Sports
6:09 am
Thu September 12, 2013

Men’s Roller Derby In Springfield Plays First Home Bout This Weekend

Michael D’Amaro (L) & Paul Elders chat during a roller derby practice
Michael D’Amaro (L) & Paul Elders chat during a roller derby practice

Roller derby is a contact sport on wheels known for its brutality, but also its inclusivity. Anyone willing to strap on a pair of skates and protective gear is invited to join the area teams. Rachel Otwell visited with a men’s team, Springfield’s Capital City Hooligans, as they prepared for their first official bout in May.  This Sunday, the Hooligans play their first official home bout at Skate Land South. 

We thought it was a good time to re-visit our feature story:

About twenty people are skating around the rink on a Monday night at Skateland South in Springfield. It’s mostly men, decked out with helmets, kneepads, mouth guards and other protective gear as they skate and do stretches at the same time.

Michael D’Amaro takes a break from the warm-ups to chat. He reads me the roster of the men’s team – there are 15 names on the list:

D’AMARO: ”Cunning Hammer … Dr. Whoa … Loop Hole … “

Michael D’Amaro is a 25 year old news production assistant by day – but on the nights and weekends he’s with his roller derby crew, he goes by a different moniker, which is slang for his Italian heritage:

D’AMARO: “My name is Dago Wop.”

No one said roller derby was politically correct. As a spectator sport, it peaked several decades ago. But its popularity among players is in resurgence. So, what is it about roller derby that appeals to D’Amaro?

D’AMARO: “The carnage I guess, it’s kind of more of an alternative sport – it attracts a different kind of crowd, it’s not so much of a jock kind of thing. I really, really grabbed a hold of that. I always enjoyed sports in high school, but I wasn’t the greatest athlete.”

Roller derby is definitely physically demanding however.Want proof? Just take Paul Elders for example. He’s sitting in a wheelchair – his leg in a cast. Elders took a hard fall during a previous practice.

BROKEN: “I was like, I think I broke it … so then I tried to move my leg up – like I was going to get up just to see. And part of my leg moved and my foot just stayed on the ground. Everybody started yelling at me, ‘Don’t move it! Don’t move it! You definitely broke your leg.’”

As the practice goes on, players take turns acting as blockers and jammers – the two positions there are to play in the game. Katie Baird explains the objective of the roller derby games – called bouts. She’s one of the team’s coaches:

Katie Baird aka Bambi Bloodlust coaches the men’s team

BAIRD: “Roller derby’s played with two teams on the track at a time. The jammers are the ones who are the stars, and they score the points. A jammer scores points by passing members of the opposing team, so each team has a double duty of playing both offense and defense at the same time. They want to stop the other team’s jammer from getting through, at the same time helping their jammer through.”

The 24 year old Baird works as a graphic designer – she’s also known as Bambi Bloodlust and plays for a womens’ roller derby team in Decatur. She’s wearing zebra-print knee-pads, tall hot-pink socks, and a helmet with antlers painted on it. Female teams are known for their theatrics, including costumes. Guys’ teams sometimes dress up, but to a lesser degree. Baird says as is the case for many people who are sucked into the roller derby world- it’s changed her life:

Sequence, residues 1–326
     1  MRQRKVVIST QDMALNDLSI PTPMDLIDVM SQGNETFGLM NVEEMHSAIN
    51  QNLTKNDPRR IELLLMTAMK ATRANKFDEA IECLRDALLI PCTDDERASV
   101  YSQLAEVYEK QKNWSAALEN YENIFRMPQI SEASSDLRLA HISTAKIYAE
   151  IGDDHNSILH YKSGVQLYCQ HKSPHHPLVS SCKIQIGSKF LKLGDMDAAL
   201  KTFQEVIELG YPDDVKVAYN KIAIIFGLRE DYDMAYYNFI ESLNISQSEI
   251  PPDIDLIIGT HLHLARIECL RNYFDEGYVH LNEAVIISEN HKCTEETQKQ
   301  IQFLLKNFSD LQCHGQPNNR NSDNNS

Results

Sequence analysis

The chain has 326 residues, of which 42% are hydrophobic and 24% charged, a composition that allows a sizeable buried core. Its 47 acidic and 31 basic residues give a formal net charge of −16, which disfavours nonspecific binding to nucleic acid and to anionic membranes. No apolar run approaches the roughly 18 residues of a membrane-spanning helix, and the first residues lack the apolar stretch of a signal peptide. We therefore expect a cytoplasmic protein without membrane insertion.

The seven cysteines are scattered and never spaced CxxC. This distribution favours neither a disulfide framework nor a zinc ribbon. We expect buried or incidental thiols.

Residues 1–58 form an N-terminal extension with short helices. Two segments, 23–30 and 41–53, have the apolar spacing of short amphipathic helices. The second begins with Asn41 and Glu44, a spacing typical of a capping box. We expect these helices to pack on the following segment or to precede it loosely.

BAIRD: “I was never an athletic person before, but I found this sport that I love and I’ve learned that I can be athletic and I am strong and I like going to the gym and working out now, and I want to be buff – these are things I never would have ever dreamed of wanting in my life. And the friends, an amazing group of supportive people – we have so much fun together, and yeah – I just get all warm and fuzzy when I think about roller derby.”

Baird says roller derby also provides a community service by donating proceeds from games to charities. Team members also take part in local fundraisers.

Like Elders with his broken leg – Baird has also felt the pain that roller derby can bring with it. She broke her collar bone playing last summer.

Elders says the sport that has left him with one medical ailment also helped relieve another. He says he was dealing with clinical depression around the time he started playing roller derby:

ELDERS: “I don’t want to say that necessarily, ‘Oh, I played derby and it solved all my problems.’ It was more along the lines of, I started playing derby, I started really caring about the sport. And because I really cared about the sport and cared about my performance in the sport, I started caring about myself … because I want to be a better player and because each one of these guys is family.”

Elder’s doctor told him it could take anywhere from three months to a year for his injury toheal. But that won’t stop him from coming to weekly practices where he helps however he can – at the very least providing support to his teammates.

And as the team members prepare for their first official bout – they’ll accept any guy to practice who’s 18 or older and willing to strap on a pair of wheels and some protective gear. Those trying out the sport are given a set amount of time to attend practices before becoming dues-paying members. And now, with the formation of the men’s team in Springfield plus the one for ladies already in existence- men and women alike have the chance to test out their bravery on the rink.

Find out more details about the Hooligans.

Related Program